Prototype Leanfit

In short time from the first design sketches to the prototype

For Daimler AG, we developed the design concept Leanfit, a robot system of the latest MRK technology. After the development, we were required to implement this complex system, consisting of gripper, control unit and control box as functioning prototype within a very short time. The entire structure was taken from the design phase and developed in SolidWorks. This resulted in 3D data sets for the different manufacturing processes.

Precise manufacturing

All aluminium parts were milled on a 5-axis machining center. The arm of the control unit is supplemented by a HPL plate as a hand rest, which accommodates the 3D joystick, a switch for confirmation and the emergency stop switch. These standard parts were additionally enclosed by 3D printing parts in order to increase the value and to produce an optically coherent overall system.

On-site installation

Before the final assembly of the prototype, a complete pre-assembly of the individual components took place at our company as a final check. All components were designed in such a way by us, that a fast assembly could be carried out on site at the costumer’s premises.


Improvements, made during the build-up, were included in the data records and all other prototypes could already be delivered in an optimized version.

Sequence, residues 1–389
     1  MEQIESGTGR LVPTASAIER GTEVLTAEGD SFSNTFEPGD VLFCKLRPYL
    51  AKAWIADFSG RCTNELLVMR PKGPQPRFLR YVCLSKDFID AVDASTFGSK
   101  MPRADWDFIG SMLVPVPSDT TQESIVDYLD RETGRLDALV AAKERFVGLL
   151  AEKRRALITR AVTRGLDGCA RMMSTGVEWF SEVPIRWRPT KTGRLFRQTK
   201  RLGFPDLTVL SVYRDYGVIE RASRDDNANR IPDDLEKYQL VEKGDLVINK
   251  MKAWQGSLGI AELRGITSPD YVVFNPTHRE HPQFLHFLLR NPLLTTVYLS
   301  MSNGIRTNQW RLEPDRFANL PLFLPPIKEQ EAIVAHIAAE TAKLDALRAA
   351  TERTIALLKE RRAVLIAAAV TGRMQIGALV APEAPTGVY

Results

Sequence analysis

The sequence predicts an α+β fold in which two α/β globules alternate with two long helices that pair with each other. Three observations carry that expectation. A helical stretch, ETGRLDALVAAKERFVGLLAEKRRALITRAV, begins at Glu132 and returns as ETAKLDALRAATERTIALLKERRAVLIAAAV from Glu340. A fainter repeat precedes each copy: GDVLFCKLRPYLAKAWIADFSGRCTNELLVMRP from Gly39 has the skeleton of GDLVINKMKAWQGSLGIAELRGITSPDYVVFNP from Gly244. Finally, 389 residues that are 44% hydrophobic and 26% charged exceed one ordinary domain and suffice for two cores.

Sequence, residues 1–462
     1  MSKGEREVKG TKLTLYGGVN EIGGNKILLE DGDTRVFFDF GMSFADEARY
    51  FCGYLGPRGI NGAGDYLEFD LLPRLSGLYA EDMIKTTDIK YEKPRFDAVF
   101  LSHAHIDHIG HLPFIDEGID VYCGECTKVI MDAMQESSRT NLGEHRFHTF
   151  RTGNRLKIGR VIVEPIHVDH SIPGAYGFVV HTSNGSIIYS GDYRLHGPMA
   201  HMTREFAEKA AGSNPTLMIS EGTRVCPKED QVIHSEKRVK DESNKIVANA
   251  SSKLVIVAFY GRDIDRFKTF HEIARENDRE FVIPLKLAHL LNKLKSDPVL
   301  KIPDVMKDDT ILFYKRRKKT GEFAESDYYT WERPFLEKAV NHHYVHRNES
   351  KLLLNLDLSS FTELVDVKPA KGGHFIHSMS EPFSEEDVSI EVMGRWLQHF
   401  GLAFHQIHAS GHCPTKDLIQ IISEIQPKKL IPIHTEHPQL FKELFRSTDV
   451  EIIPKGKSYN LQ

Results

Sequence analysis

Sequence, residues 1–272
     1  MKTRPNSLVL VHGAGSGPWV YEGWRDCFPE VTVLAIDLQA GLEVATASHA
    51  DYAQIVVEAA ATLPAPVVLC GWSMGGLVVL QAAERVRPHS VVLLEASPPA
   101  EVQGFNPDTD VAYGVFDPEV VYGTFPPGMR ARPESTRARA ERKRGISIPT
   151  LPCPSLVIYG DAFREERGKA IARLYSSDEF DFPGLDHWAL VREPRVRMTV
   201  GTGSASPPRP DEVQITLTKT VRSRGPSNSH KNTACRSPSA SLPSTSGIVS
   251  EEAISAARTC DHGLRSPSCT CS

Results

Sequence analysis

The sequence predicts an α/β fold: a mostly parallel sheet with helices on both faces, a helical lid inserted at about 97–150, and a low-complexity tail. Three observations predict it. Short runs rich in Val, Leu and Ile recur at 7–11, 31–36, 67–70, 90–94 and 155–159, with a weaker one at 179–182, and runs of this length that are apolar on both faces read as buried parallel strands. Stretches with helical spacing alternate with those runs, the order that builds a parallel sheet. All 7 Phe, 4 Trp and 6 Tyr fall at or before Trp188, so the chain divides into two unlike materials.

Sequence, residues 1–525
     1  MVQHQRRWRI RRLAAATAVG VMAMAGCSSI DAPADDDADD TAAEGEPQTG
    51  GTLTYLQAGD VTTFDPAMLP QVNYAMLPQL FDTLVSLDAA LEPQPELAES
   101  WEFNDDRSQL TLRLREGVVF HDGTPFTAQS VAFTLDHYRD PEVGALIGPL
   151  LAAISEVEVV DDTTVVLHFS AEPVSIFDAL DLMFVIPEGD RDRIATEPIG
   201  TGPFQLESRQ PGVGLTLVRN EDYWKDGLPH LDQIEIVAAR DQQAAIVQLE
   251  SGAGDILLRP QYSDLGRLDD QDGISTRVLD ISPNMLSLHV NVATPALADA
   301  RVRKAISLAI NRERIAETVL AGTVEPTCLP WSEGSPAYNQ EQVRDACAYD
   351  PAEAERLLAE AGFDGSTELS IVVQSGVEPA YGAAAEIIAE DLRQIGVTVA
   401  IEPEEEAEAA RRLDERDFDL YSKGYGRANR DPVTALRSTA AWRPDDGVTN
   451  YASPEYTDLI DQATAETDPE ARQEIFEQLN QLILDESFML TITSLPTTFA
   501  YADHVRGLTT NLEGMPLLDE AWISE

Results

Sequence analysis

Cost- effective solutions

The control box was printed out of polyamide in the rapid prototyping process. All 3D printing parts are individually modelled and combined to a component with a special connection system. This system significantly reduces the 3D printing costs for the costumer. The resulting component transitions and surfaces were afterwards sanded manually and vanished professionally. 

Project overview

Further categories

Good to know...

A small glossary intended to
simplify the understanding of design Glossary
"Graphical user interface (GUI)"

In computing, a graphical user interface (GUI) is a type of interface that allows users to interact with electronic devices through graphical icons and visual indicators such as secondary notation, as opposed to text-based interfaces, typed command labels or text navigation. GUIs were introduced in reaction to the perceived steep learning curve of command-line interfaces which require commands to be typed on the keyboard.

The actions in a GUI are usually performed through direct manipulation of the graphical elements. As well as computers, GUIs can be found in hand-held devices such as MP3 players, portable media players, gaming devices and smaller household, office and industry equipment.